No Fear for Freedom

A student’s take on embracing nippular biology

By Meredith Kestel 

Men have them. Women have them. We all have them. Some have less, some might have more, but they biologically belong on all bodies. Nipples. If we all have them, then why is there just a stigma around them being visible on women and for the women that embraced them, what do they do to overcome the stigma?


Ellie Menz*, is a Senior at Iowa State. This past summer she decided to throw out all of her bras, and embrace the “Free the Nipple Movement”. Menz is now a huge supporter of women who also have no fear in nipple freedom.

“At first I couldn’t do the whole ‘no bra’ thing, when I would go out without a bra on I felt as if everyone was staring at me. So I spent the first week or two using bandaids to cover my nipples.”


Nipples in the media and in public have been noticed for decades. In the ‘90s and early 2000’s Jennifer Aniston was both praised and criticized for having her nipples being seen through her shirt in many of her appearances in the hit sitcom Friends.

“I would actually say Rachel Green was kind of empowering for me to watch,” Menz states, while adding a little eye roll, “which is funny because most people hate her character, but her embracing it and not trying to hide the fact she has these biological things attached to her chest made me think twice about why my worries with embracing the nipple, and ditching the bandaids.”

Meredith Kestel/Hannah Olson – Ethos Magazine

So why do women’s nipples make people uncomfortable?

Starting from when we are young our society teaches us that nipples, especially on the female body, are to be bared and only shown sexual instances and because of this we are taught nipples shown without the allure of sex should make us feel ashamed.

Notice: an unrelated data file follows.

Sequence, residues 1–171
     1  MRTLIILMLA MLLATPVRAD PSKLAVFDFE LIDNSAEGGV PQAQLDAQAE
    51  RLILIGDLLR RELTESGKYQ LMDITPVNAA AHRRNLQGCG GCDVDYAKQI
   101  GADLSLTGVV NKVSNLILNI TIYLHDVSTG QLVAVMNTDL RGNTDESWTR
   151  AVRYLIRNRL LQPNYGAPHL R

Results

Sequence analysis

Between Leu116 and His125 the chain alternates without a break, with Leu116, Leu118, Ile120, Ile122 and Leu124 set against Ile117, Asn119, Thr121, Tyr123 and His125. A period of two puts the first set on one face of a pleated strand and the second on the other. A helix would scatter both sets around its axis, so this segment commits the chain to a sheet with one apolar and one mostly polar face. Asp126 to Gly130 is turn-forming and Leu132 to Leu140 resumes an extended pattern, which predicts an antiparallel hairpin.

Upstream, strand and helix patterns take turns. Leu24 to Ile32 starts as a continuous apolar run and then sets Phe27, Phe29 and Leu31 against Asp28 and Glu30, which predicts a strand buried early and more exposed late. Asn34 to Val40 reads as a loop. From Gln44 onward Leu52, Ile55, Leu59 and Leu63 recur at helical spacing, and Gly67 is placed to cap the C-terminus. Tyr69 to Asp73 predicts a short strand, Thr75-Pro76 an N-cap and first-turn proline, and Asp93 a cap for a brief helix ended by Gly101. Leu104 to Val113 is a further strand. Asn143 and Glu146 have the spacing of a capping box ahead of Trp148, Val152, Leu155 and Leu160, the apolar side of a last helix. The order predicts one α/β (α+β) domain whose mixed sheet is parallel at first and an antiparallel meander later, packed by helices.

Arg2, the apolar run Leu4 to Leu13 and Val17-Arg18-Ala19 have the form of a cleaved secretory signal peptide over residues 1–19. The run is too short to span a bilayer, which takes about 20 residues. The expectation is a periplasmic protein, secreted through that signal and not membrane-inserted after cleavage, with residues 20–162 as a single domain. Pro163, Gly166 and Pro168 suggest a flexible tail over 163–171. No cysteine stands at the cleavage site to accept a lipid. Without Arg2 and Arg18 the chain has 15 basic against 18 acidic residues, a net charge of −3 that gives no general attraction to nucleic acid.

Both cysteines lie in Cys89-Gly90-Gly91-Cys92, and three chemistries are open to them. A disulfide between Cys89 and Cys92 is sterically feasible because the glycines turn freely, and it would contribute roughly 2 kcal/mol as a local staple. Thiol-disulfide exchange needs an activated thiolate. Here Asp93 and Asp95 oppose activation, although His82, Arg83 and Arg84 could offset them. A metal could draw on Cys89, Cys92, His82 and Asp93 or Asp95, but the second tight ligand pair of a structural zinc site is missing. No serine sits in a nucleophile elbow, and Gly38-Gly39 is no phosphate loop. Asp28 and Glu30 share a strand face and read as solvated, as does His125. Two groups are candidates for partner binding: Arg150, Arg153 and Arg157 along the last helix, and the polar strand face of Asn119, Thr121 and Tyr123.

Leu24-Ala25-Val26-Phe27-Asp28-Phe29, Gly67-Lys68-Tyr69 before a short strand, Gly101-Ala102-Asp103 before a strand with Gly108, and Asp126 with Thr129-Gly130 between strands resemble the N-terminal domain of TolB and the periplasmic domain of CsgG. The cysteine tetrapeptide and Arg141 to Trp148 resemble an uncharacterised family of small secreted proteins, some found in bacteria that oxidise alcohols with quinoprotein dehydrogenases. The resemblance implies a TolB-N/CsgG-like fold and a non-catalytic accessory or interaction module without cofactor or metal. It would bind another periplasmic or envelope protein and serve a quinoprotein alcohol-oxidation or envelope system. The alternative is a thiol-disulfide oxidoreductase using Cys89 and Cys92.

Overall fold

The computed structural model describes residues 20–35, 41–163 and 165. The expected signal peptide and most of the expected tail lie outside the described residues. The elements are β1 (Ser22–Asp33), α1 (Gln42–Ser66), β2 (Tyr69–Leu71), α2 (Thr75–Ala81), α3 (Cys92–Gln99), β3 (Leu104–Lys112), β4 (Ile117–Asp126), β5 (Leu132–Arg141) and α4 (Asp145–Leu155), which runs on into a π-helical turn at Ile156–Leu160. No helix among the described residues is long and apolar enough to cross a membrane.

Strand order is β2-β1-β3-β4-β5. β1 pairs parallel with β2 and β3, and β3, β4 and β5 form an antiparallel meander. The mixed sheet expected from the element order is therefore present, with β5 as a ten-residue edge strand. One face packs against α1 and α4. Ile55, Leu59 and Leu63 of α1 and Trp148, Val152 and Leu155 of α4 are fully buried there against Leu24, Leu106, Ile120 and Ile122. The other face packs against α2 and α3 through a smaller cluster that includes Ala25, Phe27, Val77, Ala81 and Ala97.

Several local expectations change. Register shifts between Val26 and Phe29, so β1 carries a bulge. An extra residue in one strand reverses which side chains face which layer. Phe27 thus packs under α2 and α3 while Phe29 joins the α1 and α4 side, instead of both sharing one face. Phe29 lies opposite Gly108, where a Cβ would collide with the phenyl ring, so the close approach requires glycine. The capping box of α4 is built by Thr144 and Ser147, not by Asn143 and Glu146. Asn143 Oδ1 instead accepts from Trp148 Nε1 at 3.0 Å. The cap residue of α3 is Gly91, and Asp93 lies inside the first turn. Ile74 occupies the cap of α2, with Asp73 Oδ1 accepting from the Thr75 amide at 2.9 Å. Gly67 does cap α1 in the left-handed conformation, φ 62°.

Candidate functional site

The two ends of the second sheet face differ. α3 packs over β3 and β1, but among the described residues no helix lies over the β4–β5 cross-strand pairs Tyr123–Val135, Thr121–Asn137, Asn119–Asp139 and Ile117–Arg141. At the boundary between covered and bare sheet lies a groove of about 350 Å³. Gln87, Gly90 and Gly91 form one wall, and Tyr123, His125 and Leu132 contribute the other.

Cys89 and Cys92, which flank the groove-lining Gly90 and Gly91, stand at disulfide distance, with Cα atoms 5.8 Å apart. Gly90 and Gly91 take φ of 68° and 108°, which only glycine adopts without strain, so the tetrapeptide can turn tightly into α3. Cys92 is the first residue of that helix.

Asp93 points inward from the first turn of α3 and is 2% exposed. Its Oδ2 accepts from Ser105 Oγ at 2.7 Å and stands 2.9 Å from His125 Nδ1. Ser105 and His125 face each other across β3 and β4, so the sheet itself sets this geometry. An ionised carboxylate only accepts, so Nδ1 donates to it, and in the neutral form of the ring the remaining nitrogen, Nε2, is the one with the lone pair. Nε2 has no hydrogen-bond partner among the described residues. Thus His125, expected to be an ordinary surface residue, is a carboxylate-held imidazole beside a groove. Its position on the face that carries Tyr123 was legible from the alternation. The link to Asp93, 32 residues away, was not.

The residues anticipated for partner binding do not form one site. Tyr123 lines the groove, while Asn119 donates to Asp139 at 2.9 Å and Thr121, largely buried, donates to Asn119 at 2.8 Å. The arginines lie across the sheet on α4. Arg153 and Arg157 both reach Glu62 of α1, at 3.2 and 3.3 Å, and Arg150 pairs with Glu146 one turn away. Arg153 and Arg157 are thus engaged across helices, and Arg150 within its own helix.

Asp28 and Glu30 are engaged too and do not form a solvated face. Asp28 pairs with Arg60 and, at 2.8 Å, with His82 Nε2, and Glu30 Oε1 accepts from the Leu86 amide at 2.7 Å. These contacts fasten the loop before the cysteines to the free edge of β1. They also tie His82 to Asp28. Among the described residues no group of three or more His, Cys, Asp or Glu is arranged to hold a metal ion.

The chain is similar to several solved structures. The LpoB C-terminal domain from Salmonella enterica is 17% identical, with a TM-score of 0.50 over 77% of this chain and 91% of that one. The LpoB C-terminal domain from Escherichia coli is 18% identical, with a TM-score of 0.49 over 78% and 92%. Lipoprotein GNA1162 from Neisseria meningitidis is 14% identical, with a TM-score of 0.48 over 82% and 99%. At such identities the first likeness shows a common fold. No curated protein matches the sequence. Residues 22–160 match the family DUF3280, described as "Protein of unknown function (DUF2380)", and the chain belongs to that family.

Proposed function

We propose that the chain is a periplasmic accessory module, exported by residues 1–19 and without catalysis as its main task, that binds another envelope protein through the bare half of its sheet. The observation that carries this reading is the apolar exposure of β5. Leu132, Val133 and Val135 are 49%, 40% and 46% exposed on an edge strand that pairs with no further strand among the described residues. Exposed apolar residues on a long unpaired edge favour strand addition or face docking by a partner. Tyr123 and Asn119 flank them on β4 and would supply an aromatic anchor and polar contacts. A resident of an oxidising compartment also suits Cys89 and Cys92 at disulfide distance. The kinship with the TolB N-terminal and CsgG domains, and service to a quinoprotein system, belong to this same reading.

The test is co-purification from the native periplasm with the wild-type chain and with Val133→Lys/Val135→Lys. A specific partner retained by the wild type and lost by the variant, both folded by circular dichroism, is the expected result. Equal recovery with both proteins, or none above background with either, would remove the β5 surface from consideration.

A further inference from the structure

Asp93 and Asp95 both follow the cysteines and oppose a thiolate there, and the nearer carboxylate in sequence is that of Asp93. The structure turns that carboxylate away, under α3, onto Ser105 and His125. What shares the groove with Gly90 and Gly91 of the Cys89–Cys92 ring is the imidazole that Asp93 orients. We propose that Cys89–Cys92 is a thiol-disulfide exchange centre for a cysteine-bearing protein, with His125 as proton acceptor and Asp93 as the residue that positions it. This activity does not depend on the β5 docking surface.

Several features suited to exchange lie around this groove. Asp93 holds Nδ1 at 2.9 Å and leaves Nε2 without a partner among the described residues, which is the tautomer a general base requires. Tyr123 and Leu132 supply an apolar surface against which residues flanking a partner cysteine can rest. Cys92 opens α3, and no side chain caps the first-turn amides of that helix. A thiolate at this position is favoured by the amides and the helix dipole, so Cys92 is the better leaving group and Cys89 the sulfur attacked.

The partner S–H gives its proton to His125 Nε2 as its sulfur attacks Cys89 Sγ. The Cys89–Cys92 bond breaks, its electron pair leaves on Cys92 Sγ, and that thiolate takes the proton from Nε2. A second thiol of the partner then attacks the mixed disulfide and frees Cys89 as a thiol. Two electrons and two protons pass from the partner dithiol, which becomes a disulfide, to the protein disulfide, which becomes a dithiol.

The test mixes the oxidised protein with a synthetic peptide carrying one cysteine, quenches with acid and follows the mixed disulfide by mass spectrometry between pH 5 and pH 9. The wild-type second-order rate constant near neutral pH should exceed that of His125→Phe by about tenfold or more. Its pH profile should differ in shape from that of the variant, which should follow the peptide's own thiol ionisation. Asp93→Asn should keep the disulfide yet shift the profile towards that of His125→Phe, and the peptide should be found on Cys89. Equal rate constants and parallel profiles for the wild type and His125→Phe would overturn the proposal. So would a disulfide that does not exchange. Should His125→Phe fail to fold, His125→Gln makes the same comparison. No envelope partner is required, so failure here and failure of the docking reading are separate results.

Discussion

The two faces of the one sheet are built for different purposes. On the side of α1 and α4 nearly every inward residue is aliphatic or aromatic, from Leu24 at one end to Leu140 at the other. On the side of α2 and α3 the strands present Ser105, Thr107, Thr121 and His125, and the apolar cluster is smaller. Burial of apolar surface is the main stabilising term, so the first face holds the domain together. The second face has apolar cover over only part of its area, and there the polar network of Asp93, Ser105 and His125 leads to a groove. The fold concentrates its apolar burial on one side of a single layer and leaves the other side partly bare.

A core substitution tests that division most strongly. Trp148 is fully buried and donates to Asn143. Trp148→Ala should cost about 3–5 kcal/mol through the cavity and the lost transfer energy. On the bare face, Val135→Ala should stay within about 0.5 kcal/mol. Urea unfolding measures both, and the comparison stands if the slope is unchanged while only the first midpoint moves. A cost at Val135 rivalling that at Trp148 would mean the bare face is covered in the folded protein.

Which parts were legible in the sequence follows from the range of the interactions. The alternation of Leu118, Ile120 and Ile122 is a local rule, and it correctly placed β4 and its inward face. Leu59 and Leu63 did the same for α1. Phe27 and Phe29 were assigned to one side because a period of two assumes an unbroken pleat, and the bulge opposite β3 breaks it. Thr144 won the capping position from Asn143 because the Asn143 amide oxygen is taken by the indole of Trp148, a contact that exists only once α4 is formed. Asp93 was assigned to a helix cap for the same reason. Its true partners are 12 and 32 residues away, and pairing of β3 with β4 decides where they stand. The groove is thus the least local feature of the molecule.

In Sex and the City, Samantha dones faux nipples to attract men, and Samantha even peeps her teats to manipulate men. Pop culture moments like these also feed into the idea that nipples are to be shown for sexual advancement.

We are taught that female nipples are another way for women to use their sexuality to get what she wants from a man. We are taught to treat our nipples as sexual tools instead of respect them for what they are: Normal, functioning parts of our bodies.


Meredith Kestel/Hannah Olson – Ethos Magazine 

Eric Henderson is a faculty member of the Genetics, Development, and Cell Biology department at Iowa State.

“[In fetuses] nipples develop before the Y gene is expressed in males, and the Y gene goes on to suppress breast development in males. That part of the anatomy is designated early in embryogenesis and the Y-chromosome based differentiation of the embryo into the male form (for homo sapiens) just occurs later in the developmental pathway,” Henderson says.


Basically what this means is that fetuses all start off as females, hence why both males and females have nipples. It isn’t until later in the gestation period, after the nipples have been developed, that the Y gene (the gene that makes fetuses male) appears. So even though male and female nipples are the same, one is acceptable, while the other is sexual.